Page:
US technology firm Google has agreed to pay 438 million rubles (nearly $8 million) in fines for antitrust violations in the Russian mobile applications market. The company was found guilty of abusing its dominant position in the market for mobile devices running on Android.
The complainant party was Russian tech company Yandex, which accused Google of forcing smartphone makers to pre-install Google Play software on their devices.
Under the settlement with the Russian antitrust watchdog FAS, Google has agreed to stop forcing smartphone makers to install the company’s software on an obligatory basis. The agreement was signed for six years and nine months.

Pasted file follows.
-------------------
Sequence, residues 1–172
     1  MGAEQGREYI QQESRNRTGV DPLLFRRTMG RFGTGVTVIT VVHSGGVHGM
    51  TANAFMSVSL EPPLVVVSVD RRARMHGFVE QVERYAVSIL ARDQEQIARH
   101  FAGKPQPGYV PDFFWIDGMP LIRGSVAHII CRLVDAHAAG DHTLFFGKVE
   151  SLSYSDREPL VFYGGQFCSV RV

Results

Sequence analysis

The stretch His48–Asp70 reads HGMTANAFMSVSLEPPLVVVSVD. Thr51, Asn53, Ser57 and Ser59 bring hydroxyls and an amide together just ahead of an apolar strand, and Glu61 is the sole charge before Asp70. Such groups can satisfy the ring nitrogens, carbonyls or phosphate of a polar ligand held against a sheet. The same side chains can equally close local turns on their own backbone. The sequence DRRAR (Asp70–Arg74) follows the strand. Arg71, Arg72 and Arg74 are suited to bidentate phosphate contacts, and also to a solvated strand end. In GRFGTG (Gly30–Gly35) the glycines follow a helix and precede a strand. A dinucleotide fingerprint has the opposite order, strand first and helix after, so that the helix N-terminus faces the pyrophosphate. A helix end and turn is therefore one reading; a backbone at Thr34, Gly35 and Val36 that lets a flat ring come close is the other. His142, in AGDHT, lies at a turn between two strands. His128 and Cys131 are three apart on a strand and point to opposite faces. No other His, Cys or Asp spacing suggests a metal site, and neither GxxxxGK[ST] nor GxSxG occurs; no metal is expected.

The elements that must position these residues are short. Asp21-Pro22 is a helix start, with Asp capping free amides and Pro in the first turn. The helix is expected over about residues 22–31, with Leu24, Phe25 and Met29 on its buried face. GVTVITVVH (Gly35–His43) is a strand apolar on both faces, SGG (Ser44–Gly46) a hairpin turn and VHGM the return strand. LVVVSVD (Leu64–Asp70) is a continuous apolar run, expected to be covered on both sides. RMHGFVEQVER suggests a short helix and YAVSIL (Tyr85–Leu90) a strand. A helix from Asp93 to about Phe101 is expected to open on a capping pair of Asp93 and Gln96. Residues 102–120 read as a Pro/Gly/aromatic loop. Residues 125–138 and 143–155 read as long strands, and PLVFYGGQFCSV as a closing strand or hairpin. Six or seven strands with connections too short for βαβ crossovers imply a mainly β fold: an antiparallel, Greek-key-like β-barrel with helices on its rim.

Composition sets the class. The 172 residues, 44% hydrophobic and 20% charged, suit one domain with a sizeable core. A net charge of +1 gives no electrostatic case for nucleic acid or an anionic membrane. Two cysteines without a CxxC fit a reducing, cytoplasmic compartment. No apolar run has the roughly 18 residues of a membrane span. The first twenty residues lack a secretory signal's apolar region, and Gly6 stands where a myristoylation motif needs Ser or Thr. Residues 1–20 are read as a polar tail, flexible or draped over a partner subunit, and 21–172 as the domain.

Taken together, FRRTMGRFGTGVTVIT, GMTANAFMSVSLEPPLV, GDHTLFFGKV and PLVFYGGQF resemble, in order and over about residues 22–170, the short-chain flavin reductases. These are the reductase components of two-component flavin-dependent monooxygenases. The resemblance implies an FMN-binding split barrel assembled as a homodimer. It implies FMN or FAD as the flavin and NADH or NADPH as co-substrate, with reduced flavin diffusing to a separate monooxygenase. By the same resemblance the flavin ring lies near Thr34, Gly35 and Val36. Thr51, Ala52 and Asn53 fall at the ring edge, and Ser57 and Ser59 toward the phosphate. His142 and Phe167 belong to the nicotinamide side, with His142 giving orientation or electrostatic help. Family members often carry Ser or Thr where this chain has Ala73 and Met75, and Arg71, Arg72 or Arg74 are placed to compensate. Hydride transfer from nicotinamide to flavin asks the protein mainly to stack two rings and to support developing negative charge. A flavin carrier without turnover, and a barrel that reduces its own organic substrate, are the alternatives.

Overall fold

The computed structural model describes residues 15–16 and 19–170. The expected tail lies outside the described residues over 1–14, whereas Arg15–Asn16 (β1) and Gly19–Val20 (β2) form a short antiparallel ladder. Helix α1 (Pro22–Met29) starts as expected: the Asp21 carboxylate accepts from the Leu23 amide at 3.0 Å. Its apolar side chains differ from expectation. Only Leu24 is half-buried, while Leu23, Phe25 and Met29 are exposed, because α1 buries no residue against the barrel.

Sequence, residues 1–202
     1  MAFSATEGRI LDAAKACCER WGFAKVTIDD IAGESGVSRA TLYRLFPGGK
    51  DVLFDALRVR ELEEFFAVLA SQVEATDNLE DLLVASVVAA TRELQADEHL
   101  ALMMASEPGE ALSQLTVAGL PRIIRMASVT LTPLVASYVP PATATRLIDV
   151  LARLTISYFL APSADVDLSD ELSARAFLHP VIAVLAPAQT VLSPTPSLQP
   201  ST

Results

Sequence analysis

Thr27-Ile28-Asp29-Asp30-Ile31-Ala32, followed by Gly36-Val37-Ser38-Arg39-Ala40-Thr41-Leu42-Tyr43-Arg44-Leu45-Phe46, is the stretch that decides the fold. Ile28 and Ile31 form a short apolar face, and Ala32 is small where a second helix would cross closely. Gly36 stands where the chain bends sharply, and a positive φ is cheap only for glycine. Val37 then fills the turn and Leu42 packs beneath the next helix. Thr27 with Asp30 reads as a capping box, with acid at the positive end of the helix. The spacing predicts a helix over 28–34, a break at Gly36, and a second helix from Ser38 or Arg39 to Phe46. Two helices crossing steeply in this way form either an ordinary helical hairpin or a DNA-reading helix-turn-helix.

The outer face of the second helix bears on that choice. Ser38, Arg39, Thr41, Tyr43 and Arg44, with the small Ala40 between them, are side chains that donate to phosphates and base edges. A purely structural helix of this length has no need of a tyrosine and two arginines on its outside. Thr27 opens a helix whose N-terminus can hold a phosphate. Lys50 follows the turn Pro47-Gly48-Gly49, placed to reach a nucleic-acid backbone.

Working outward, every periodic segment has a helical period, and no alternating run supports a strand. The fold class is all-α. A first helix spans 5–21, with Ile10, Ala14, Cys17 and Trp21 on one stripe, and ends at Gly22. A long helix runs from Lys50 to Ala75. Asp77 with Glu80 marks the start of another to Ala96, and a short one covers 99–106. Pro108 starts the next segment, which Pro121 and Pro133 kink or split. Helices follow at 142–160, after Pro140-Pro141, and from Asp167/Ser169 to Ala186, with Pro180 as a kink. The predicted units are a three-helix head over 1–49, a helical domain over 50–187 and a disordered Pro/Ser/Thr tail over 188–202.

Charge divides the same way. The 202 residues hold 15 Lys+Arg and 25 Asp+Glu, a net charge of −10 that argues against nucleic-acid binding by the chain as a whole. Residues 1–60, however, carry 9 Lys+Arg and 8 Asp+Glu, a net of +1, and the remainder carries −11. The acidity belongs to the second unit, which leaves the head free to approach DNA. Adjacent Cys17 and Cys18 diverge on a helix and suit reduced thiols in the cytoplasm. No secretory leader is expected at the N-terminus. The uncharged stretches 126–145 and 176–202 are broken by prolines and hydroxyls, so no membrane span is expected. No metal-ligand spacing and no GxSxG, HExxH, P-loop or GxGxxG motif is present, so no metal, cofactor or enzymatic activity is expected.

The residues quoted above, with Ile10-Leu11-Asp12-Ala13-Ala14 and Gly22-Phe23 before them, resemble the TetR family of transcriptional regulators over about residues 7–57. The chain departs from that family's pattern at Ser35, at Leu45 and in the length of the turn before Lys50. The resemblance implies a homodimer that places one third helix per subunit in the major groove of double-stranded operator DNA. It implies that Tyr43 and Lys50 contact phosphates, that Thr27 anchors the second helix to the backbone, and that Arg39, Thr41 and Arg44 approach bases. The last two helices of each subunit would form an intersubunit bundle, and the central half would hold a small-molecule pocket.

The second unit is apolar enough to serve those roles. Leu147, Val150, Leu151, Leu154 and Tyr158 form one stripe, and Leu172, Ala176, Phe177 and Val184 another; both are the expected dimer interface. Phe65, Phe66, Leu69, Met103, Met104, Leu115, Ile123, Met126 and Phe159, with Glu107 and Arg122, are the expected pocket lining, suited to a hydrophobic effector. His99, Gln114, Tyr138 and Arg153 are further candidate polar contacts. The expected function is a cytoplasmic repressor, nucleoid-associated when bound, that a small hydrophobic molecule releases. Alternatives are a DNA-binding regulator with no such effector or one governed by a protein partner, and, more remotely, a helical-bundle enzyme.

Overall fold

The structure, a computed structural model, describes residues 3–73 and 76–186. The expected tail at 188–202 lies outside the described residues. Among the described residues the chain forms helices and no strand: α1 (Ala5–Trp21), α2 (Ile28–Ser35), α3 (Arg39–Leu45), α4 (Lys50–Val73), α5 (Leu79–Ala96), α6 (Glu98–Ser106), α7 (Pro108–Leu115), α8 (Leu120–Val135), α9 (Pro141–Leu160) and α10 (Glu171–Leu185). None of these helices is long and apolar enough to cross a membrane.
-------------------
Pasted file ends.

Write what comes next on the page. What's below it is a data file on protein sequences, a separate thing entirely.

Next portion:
FAS issued the penalty in November 2015, and Google has now lost all of its appeals in the Russian courts.
The European Union Commissioner for Competition Margrethe Vestager has announced a new investigation into whether the US company abused its dominant position with the Android operating system for smartphones.
“Rival search engines and mobile operating systems have not been able to compete on their merits. This is not good,” she said in April 2016.
Should the EU investigation go against Google, it could be fined up to $7.4 billion, the equivalent of 10 percent of its global revenue.